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By Harkanwal Singh
Julie Burling loves coffee so much that even as she backpacks across Greece, she will be searching for hints to make better coffee for her customers at Waikato Hospital. After four years, she has grown accustomed to the rhythm of making coffee in an unusual setting.
To be honest, when I first started here, it really was a shock to the system because it is different when you’re working with the public. Here you have got people who are sick. We get people wandering around in their pajamas.
You see some really happy things and you also see some really sad things.
Here I think you’ve got to be little bit more aware that people have got stresses on them, doctors have got stresses on them and your job is to come in and give them a smile, you make coffee for them, those are really little things. This is what I try and tell the girls - it makes the day easier, they go away and enjoy a decent cup of coffee. And you know it takes five minutes of their worries, or whatever.
It is different here from when you are out in the public - like we had a cafe up in Kerikeri, where people are coming in and they’re getting coffee and they are just in out, in out.
It is a bizarre place to have an espresso bar tucked in the corner of a main entrance of the hospital but as somebody said it’s really nice because it doesn’t smell like a hospital, it kind of takes them out of the environment.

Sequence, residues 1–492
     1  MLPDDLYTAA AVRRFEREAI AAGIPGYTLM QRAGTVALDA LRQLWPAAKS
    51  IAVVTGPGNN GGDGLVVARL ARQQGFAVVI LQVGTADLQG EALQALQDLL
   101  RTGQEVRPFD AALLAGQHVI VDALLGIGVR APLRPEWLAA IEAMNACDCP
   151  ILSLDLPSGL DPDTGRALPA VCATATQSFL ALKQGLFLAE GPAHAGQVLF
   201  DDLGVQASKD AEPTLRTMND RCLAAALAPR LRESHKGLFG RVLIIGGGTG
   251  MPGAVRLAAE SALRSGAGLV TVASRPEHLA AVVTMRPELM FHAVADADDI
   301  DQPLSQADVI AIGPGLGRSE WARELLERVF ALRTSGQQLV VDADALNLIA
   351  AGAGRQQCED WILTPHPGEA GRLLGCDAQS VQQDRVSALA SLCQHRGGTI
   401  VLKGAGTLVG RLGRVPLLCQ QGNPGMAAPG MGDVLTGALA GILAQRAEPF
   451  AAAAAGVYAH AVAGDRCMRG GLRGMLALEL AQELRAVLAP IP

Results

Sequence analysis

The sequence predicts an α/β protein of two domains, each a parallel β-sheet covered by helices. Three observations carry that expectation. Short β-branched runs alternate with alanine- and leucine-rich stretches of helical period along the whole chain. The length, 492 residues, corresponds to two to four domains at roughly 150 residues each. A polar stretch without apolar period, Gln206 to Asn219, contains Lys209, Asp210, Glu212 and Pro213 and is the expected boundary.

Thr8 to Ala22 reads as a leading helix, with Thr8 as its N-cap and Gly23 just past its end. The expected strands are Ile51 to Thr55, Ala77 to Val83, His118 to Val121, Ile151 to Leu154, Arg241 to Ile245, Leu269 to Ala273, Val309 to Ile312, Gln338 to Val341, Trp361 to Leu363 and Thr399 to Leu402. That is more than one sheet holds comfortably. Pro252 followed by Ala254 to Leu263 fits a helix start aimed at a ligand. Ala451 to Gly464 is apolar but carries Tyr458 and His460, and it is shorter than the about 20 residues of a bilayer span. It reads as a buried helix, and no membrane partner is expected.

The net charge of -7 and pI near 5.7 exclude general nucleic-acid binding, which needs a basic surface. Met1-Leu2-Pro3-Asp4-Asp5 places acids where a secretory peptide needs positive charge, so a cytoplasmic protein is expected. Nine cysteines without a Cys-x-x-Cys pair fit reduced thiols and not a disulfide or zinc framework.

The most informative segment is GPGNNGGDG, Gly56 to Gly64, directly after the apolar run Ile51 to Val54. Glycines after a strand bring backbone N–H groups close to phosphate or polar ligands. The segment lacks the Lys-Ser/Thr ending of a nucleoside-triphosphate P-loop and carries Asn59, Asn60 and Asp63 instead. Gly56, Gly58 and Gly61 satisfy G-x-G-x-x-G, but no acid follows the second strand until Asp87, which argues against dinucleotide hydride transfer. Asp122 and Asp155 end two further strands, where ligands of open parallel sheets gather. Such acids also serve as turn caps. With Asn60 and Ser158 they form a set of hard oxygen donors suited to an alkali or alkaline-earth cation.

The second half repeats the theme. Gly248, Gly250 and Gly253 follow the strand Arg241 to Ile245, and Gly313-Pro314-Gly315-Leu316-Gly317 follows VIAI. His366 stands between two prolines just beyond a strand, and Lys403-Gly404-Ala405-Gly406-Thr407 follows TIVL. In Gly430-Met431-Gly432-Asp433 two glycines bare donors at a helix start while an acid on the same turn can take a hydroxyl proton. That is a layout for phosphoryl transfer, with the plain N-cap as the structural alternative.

Your day goes really fast. It gets very noisy.
" Lifts don’t stop, people don’t stop. It’s just go. "And today, seriously, it’s a quiet day. Yesterday, it was just non-stop. Lifts don’t stop, people don’t stop. It’s just go.
Oh gosh, I don’t know how many cups I make. It varies. It can vary from about 150 to 200 every day.
The thing I like about my job – and I don’t realize it until a customer leaves – that they will come in and get a coffee, and they won’t say much. It is not till their patient gets better, and goes home, that they come in and they’ll go, ‘really appreciate that, I really enjoyed coming down, the coffee was great’.
If I get really good, I get to know what they want before they even get here. So, I can see them coming down the hall by the enquiries and if I am not busy, I’ll just set it all up and get everything ready. I’ve been only caught out once when they got into the lift and said ‘don’t want coffee today’. And I was like ah - but that’s okay, I can take it.
This is a part of the cafeteria – although I never do the cafeteria upstairs, this is my sole job. There’s a whole lot of girls upstairs and they do all the catering, making meals for people.
Take pride in your work, that’s another thing I tell the girls because if you are not making sandwiches and feeding the patients, visitors, and the doctors, nothing runs properly. So, even the tiniest small thing is important.
Just meeting people, just the different people you meet, a different face, or somebody will tell you something, that will give me the giggles for the day - probably makes the day memorable.
Going to Greece in seven weeks time, I can’t wait, can’t wait. Might even pick up some hints for coffee making.
I certainly don’t make coffee at home, I can tell you that. I have got a machine at home but my husband does that, I do not touch the coffee machine at all.